Brandon DeWayne Wilson: 2009 NC Teaching Fellow
Posted January 25, 2019 5:00 a.m. EST
Updated January 25, 2019 6:45 a.m. EST
This interview was conducted by email as part of a series on teacher diversity in North Carolina.
- Read the full series: NC's teacher diversity gap
- Read more interviews with other North Carolina Teaching Fellows
What years were you a Teaching Fellow, and what college did you attend?
I was a Teaching Fellow between the years of 2009 and 2013.
Graduated with my Bachelor’s degree in May 2013 from Western Carolina University
I was accepted to other Teaching Fellow programs at various schools but felt that WCU was the best choice and still is the best choice.
Why did you apply to be a Teaching Fellow, and how did the program affect your life?
I applied to be a Teaching Fellow when my high school counselors, Mr. Chapman and Dr. Parker, let me know of the esteemed program and scholarship opportunity. Nobody in my direct family was a teacher. However, my best relationships with adults were teachers, and I grew to love and appreciate everything they did for me and how they took care of me as if I was their personal child. I knew I wanted to become a teacher since the 5th grade.
What have you done since college, and what are you doing now?
Since college I have taught eighth-grade science, seventh-grade science and high school Earth & environmental science working mostly for Cabarrus County Schools. I also spent eight months employed with Stanly County Schools as one of the district Technology Specialists where I was assigned five schools to manage digital tools and resources.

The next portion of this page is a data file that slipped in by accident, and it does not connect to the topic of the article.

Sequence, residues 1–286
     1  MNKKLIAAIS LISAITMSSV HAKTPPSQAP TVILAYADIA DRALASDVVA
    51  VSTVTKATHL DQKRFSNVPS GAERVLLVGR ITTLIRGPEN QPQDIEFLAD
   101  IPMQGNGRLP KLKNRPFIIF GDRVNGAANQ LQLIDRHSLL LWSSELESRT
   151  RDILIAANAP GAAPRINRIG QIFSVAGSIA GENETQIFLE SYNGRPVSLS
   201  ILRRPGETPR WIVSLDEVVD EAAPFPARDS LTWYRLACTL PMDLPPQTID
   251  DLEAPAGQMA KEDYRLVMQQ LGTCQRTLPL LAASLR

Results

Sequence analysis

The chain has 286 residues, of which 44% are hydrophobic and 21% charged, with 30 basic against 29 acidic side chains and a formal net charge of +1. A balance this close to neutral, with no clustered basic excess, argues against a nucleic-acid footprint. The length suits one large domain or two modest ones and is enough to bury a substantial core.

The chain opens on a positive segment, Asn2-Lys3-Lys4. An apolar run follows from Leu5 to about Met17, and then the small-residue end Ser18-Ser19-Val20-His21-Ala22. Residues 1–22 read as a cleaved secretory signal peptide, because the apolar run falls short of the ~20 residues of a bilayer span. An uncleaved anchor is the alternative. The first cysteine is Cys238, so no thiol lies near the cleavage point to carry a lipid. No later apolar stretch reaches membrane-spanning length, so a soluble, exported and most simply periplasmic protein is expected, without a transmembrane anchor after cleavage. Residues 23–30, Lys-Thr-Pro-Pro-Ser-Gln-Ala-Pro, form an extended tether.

Why have you stayed in (or left) teaching?
I left the classroom for half a year to pursue a technology facilitator position and did acquire a job from Dec. 2017 to July 2018. The reason for this change was to utilize my knowledge and experience gained from my master’s degree in instructional systems technology.
However, I returned to the classroom Aug. 2018 and began teaching high school. The main reason that I stayed and returned to the classroom is to continue my desire to provide students memorable and engaging experiences.
My entire career teaching middle school was based on problem-based learning and hands-on science. Now, with experience in technology, I am able to give my students a more digital hands-on experience in science.
What advice do you have for colleges hoping to recruit more people of color and men to study teaching?
Coincidentally, I have presented this topic several times at the N.C. Middle Level Educators Association Conference. In the future, I plan to conduct a research study to narrow down the reasons that male teachers are leaving the classroom in pursuit of other positions in education or completely out of education.
My best advice for colleges is to prepare men and future teachers of color to be prepared to overcome positive and negative assumptions and preconceptions from other teachers and especially students.
What advice do you have for schools hoping to retain people of color and men as teachers?
To retain men, schools and administrators have to stop assuming male teachers are the answer to their problems with behaviors, coaching, academic expectations, and operation issues.
To retain people of color, schools and administrators have to stop assuming that teachers of color are the answer to diversity, culture, ethics, and management issues.
Is there anything else you’d like to add?
I am very passionate about education being done the right way. Administrators and school district officials are unfortunately locked down on doing what is right due to politics, finances and community opinions. If we can overcome all those factors, public education would have all the tools to produce the best citizens of the future.